This story was published in June 2015 and is being republished today on the 75th anniversary of the 40-hour workweek going into effect.
WASHINGTON -- Democratic presidential candidate Sen. Bernie Sanders (I-Vt.) thinks Americans may have forgotten about the 40-hour week.
"A hundred years ago workers took to the streets" to fight for 40 hours, Sanders told The Huffington Post. "And a hundred years have come and gone, we’ve seen an explosion in technology, we’ve seen an explosion in productivity, we have a great global economy, and what do you have? The vast majority of people are working longer hours for lower wages."
American workers with full-time jobs work an average of 42.7 hours per week, according to the latest data from the Bureau of Labor Statistics. Including part-timers in the calculation puts the average American workweek at 39 hours.
Sanders said he wants to appropriate the term "family values" from Republicans, who have historically used it to talk about social issues, and use it to promote legislation mandating paid vacation, paid sick days and paid parental leave for U.S. workers. Just 11 percent of workers had access to paid leave to care for newborns in 2012, according to the BLS.
"What the Republicans talk about when they speak of family values is to deny a woman the right to control her own body, to deny a woman the right to get contraceptives, opposition to gay rights and gay marriage," Sanders said. "I don’t think those are family values."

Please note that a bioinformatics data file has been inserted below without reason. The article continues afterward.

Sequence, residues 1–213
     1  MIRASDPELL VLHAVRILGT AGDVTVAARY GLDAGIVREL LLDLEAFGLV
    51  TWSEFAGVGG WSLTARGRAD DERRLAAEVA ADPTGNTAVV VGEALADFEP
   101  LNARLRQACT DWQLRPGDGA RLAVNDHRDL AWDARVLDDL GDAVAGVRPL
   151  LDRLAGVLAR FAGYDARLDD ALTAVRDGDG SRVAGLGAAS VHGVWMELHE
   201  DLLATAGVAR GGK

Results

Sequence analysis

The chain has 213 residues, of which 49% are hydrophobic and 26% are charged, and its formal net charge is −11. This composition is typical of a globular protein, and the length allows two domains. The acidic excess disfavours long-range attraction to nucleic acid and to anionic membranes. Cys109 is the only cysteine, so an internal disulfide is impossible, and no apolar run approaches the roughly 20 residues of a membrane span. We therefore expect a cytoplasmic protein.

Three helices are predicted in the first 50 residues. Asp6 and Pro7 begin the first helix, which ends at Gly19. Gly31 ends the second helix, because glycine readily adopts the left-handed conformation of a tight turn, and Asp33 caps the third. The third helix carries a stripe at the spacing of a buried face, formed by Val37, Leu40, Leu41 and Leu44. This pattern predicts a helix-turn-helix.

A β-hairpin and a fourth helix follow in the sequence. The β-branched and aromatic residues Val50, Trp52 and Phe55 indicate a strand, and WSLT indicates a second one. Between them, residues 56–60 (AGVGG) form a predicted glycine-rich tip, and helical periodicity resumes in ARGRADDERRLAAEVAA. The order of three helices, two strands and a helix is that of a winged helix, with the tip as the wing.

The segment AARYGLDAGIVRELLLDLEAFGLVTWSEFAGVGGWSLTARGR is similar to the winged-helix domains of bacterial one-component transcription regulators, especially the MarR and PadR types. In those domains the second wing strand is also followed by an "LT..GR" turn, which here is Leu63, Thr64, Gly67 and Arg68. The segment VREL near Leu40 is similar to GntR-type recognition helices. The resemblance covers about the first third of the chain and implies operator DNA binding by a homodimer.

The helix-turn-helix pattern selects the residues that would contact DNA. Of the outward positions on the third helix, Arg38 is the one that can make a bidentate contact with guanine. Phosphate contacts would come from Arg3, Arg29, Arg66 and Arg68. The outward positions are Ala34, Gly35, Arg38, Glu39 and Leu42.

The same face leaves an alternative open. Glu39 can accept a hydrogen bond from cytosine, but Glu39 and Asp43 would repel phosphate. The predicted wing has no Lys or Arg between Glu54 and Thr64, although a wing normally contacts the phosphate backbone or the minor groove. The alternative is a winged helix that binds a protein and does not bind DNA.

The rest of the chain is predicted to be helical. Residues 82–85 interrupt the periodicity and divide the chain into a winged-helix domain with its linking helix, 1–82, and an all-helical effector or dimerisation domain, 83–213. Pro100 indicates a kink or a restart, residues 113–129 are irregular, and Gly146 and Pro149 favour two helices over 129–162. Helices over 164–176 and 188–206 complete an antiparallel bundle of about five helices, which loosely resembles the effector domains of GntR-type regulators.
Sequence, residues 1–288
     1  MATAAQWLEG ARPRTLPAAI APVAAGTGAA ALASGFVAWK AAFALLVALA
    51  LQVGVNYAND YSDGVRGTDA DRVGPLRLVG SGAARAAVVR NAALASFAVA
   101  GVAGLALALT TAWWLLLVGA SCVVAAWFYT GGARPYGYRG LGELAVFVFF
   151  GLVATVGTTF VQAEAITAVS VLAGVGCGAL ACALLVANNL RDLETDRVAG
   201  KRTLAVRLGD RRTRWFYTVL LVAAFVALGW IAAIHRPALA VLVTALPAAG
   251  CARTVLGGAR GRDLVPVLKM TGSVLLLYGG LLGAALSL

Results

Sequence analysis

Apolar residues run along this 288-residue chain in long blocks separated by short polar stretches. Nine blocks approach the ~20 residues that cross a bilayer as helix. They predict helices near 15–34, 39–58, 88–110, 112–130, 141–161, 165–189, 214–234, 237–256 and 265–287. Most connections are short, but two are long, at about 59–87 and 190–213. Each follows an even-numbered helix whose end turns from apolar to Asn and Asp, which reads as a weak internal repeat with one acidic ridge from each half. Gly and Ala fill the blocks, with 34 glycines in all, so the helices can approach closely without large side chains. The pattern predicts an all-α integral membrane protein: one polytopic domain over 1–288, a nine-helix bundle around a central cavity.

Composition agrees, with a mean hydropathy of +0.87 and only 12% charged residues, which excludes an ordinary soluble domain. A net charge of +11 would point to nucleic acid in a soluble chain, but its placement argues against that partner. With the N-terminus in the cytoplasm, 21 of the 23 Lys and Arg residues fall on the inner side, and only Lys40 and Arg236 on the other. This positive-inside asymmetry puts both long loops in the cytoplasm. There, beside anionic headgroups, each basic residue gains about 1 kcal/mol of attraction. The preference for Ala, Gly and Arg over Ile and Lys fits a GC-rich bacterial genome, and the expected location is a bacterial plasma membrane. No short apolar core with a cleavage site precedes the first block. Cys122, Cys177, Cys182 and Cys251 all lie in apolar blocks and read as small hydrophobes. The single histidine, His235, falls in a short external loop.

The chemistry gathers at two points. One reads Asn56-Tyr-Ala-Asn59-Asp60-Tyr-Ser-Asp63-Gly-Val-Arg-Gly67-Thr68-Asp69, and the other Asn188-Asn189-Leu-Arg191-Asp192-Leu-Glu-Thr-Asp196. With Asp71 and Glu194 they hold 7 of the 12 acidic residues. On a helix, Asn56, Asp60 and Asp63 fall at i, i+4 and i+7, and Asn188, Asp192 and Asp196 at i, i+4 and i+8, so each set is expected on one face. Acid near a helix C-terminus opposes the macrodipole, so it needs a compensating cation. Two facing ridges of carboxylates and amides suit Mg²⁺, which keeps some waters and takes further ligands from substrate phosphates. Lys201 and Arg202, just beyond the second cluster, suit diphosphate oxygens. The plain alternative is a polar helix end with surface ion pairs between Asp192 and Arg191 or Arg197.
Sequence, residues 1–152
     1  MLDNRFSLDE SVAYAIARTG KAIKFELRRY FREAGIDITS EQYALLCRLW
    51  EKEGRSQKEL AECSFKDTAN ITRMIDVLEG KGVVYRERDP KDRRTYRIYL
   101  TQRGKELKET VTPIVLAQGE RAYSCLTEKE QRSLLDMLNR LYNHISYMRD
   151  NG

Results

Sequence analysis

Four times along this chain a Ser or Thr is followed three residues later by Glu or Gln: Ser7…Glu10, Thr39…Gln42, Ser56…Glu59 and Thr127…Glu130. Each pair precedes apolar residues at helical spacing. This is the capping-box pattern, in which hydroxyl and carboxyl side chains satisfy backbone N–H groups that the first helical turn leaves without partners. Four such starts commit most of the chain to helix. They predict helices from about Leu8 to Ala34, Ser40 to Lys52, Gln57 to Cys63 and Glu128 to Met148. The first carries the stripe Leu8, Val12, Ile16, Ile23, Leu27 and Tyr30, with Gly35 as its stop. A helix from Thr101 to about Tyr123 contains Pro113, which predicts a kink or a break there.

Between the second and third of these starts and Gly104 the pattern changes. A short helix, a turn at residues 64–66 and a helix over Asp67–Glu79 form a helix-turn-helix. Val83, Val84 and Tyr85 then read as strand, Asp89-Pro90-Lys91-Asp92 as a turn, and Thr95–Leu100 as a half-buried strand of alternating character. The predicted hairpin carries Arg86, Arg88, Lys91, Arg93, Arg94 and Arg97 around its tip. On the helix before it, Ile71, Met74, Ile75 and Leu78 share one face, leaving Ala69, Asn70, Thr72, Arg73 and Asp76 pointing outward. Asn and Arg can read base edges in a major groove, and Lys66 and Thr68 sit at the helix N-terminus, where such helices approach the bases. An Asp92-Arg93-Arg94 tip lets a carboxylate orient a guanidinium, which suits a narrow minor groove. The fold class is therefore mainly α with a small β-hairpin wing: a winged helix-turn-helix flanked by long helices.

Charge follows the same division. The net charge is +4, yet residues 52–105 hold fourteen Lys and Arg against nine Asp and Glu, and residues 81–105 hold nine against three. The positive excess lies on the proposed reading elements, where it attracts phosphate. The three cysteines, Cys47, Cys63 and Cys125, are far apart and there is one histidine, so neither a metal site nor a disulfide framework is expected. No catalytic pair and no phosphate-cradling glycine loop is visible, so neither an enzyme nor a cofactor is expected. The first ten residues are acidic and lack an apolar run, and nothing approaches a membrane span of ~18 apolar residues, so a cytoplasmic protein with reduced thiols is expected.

Last week Sanders introduced a bill that would require employers to give at least 10 paid vacation days annually to any employees who have worked at the company for at least a year.
"What our legislation says -- and we think this is absolutely a family value -- is that a mom and a dad should have the right to at least a couple of weeks off of paid vacation so they can spend quality time with their kids," Sanders said.
Republicans control Congress, and they aren't keen on shortening work hours. They have complained bitterly, for instance, that President Barack Obama's health care law undermines the 40-hour week. The Congressional Budget Office reported in 2014 that the Affordable Care Act could result in some Americans choosing to work less because they could get health insurance without being tied to a full-time job.
American workers did indeed fight and die for shorter hours, which for a long time was the foremost demand of the labor movement. The shorter hours movement culminated in the Fair Labor Standards Act of 1938, a federal law that established the minimum wage and requires employers to give workers extra pay when they work more than 40 hours per week. The effectiveness of the law has eroded, however, because the law only protects salaried workers earning less than $23,660 per year.
"What that means if you were a quote-unquote supervisor at McDonald’s, making $25,000 a year, $28,000 a year, and you are supervising some other people flipping hamburgers and you’re working 50 or 60 hours a week, you do not get overtime," Sanders said.
Sanders and other Democrats have asked Obama to consider raising the salary threshold so it covers more workers, something the White House is currently considering. Sanders wants to see the threshold set at $57,000.
"That means everybody making under that would get time and a half when they work more than 40 hours a week," he said. "Very important step forward."
Listen to HuffPost's interview with Sanders on the "So, That Happened" podcast below:
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